Section 3: Longer Lasting Products

Section 3: Longer Lasting Products

“Introduction … Product life extension … Case: Fairphone … Designing longer lasting products … Longer Lasting Products … Planned Obsolescence”
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Summaries

  • 3. Longer Lasting Products > 3.1 Introduction > 3.1.1 Dave drops new Fairphone
  • 3. Longer Lasting Products > 3.2 Product life extension > 3.2.3 Why product life extension?
  • 3. Longer Lasting Products > 3.3 Case: Fairphone > 3.3.1 The Fairphone philosophy: product life extension (1/2)
  • 3. Longer Lasting Products > 3.3 Case: Fairphone > 3.3.2 Fairphone: going circular (2/2)
  • 3. Longer Lasting Products > 3.4 Designing longer lasting products > 3.4.1 Designing longer lasting products (1/3)
  • 3. Longer Lasting Products > 3.4 Designing longer lasting products > 3.4.2 Six design strategies (2/3)
  • 3. Longer Lasting Products > 3.4 Designing longer lasting products > 3.4.3 Fairphone demonstration
  • 3. Longer Lasting Products > 3.4 Designing longer lasting products > 3.4.4 3D-printing in the Circular Economy (3/3)
  • 3. Longer Lasting Products > 3.9 In-depth: Planned Obsolescence > 3.9.2 Planned obsolescence in a circular economy?

3. Longer Lasting Products > 3.1 Introduction > 3.1.1 Dave drops new Fairphone

  • Which is fantastic news because I feel kind of a little bit strange doing it, but it’s not the first time it’s been done.
  • This is what we talk about when we say about a longer life product.

3. Longer Lasting Products > 3.2 Product life extension > 3.2.3 Why product life extension?

  • If I repair a product instead of having it recycled, I’m saving a lot of resources and energy.
  • So keeping a product at its highest value for as long as possible makes sense, both from an economic and an ecological perspective.
  • The first is to keep them in use for longer, and the second is to give products a second life, a third life, fourth life, etcetera.
  • If we want to give products a second or third life, which is the second option for product life extension, there are other strategies: repair, refurbishment and remanufacture.
  • Refurbishment is a more extensive process, where products are repaired and components replaced, in order to bring it back to a satisfactory working condition.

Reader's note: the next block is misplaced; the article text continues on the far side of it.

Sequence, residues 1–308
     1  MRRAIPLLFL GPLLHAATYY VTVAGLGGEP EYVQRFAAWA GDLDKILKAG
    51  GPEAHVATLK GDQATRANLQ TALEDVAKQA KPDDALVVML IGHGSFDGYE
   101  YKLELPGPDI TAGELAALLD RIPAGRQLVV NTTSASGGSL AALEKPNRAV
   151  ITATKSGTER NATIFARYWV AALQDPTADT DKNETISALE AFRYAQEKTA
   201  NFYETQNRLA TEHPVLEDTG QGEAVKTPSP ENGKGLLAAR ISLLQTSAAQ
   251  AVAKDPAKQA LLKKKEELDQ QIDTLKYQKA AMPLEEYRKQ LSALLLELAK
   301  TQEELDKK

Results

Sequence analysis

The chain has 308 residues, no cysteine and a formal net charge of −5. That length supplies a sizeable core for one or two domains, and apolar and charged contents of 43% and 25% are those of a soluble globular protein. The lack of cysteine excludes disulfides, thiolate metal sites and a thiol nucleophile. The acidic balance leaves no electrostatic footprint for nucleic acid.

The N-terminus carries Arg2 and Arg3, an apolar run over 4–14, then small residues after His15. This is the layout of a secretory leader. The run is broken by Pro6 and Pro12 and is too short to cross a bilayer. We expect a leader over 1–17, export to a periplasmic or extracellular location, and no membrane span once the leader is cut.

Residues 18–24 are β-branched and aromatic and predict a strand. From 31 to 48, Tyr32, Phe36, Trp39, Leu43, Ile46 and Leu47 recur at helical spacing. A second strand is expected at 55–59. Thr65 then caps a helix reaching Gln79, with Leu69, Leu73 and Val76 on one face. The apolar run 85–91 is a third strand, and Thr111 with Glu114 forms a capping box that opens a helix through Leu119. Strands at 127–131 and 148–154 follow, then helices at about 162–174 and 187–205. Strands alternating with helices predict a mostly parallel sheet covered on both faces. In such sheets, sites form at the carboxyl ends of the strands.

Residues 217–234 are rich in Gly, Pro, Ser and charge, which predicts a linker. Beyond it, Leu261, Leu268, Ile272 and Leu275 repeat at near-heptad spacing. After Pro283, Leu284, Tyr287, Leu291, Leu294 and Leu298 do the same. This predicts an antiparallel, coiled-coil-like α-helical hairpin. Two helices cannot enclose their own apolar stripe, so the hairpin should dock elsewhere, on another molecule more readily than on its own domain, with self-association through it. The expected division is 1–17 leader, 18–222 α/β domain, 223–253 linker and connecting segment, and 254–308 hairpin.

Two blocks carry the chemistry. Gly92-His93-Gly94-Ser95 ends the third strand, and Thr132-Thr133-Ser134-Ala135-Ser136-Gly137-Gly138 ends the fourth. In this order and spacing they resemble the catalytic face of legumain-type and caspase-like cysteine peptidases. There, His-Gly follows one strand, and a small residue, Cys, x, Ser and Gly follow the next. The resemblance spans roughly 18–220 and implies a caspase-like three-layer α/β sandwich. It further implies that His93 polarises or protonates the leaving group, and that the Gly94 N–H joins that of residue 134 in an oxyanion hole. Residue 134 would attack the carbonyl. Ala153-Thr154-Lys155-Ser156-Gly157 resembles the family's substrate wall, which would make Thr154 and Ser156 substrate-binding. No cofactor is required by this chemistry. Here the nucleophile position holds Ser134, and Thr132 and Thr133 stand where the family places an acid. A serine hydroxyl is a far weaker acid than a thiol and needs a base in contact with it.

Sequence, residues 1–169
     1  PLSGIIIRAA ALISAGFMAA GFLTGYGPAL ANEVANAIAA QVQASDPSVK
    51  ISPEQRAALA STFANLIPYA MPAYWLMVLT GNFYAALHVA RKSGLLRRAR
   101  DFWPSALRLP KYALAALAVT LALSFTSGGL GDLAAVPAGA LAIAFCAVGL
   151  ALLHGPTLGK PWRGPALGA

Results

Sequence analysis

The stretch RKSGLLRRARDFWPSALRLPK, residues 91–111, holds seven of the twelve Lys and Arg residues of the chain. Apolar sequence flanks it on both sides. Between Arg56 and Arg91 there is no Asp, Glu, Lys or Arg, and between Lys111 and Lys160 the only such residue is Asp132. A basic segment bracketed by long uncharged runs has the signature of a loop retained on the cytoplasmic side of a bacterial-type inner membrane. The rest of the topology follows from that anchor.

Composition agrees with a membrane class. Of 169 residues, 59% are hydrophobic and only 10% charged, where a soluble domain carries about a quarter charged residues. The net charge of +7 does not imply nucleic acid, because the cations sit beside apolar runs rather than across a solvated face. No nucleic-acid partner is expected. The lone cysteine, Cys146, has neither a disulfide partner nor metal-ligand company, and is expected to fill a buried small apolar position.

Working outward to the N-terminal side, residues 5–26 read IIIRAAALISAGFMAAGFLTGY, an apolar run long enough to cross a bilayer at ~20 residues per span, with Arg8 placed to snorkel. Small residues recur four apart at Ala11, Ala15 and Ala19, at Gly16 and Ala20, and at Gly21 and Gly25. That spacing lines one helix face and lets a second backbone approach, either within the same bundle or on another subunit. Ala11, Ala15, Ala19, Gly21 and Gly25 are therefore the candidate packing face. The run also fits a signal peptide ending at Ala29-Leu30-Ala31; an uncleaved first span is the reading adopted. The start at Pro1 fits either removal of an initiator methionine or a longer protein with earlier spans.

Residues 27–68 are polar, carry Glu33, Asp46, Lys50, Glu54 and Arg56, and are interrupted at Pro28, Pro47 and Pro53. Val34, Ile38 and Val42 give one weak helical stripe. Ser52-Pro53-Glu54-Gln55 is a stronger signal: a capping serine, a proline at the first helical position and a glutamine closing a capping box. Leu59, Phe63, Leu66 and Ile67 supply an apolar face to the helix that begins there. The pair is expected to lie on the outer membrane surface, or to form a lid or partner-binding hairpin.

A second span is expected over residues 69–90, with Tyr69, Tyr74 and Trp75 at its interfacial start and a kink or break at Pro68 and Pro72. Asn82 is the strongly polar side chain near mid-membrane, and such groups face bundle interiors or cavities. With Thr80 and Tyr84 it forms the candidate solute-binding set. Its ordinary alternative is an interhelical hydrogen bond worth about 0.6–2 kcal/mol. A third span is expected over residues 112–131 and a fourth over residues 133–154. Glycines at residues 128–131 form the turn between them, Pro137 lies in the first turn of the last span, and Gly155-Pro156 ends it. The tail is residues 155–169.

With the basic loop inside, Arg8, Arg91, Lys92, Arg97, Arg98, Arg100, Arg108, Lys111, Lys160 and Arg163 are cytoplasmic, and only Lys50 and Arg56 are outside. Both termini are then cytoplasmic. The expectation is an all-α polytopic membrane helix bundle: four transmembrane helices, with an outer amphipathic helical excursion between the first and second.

• Here, products are totally disassembled into components, and those components are brought back to the original quality, and then used to manufacture new products that are identical to the original products.
  • So you can see that if you look at repair, refurbishment and remanufacture, the process becomes increasingly complex, involving more and more product disassembly and reassembly.

3. Longer Lasting Products > 3.3 Case: Fairphone > 3.3.1 The Fairphone philosophy: product life extension (1/2)

  • The overall philosophy of designing our new products was basically themed around extending the life of our products that we’re gonna be building.
  • That goes from making sure we can maintain, repair and upgrade products, so that users can use them as long as possible.
  • Because the most sustainable product is the one you’re already using.
  • Then to try to build on to more sustainable, on more Circular Economy concepts, we try to make sure that we are reusing materials that are coming from for example recyclable materials and we try to also make sure the products are designed in a way that they will be easily reusable or recyclable in the future.
  • So we are now in between Fairphone One and Fairphone Two, right? We are finishing the development of Fairphone Two.
  • I think we’re trying to build a quality product that the user will be able to use for a long time and enjoy for a long time.
  • I mean there is a lot of people requiring new phones, because they tend to have a not so long life because of the abuse that they sustain, and also because of the technology that evolves fairly rapidly.

3. Longer Lasting Products > 3.3 Case: Fairphone > 3.3.2 Fairphone: going circular (2/2)

  • I think it is important to point out that Fairphone also has objectives that are not so much within circular economy, I would say so.
  • When you talk about resources we also very much look at what are the social conditions? You know those resources are taken from the ground and that’s all our initiatives in mining.
  • We need to think: what are the next steps, right? And even though if we could say okay, tomorrow we have a completely circular model, there would still be mining happening, right? So, we have to kind of level both.
  • What we’ve done with Fairphone One for instance was to make sure if we think of the market as a system and we say, okay we are going to put in the market so many phones, can we also take out, you know, so many phones from the system even before we put them into the market? And that’s our project that we have done in Ghana with recovering electronic waste and shipping it back to Belgium to get recycled properly.
  • So that was a little bit with that thinking of, okay we are putting, you know, thousands of devices in the market, let’s take, actually three times the amount of devices we have put in the market we’ve taken out from Ghana and we saved them from landfill.
  • Are there any design principles from Circular that you think you apply in the development of the product.
  • At the same time, being a start-up, I don’t think we do use like very well thought-through design methods, I could say.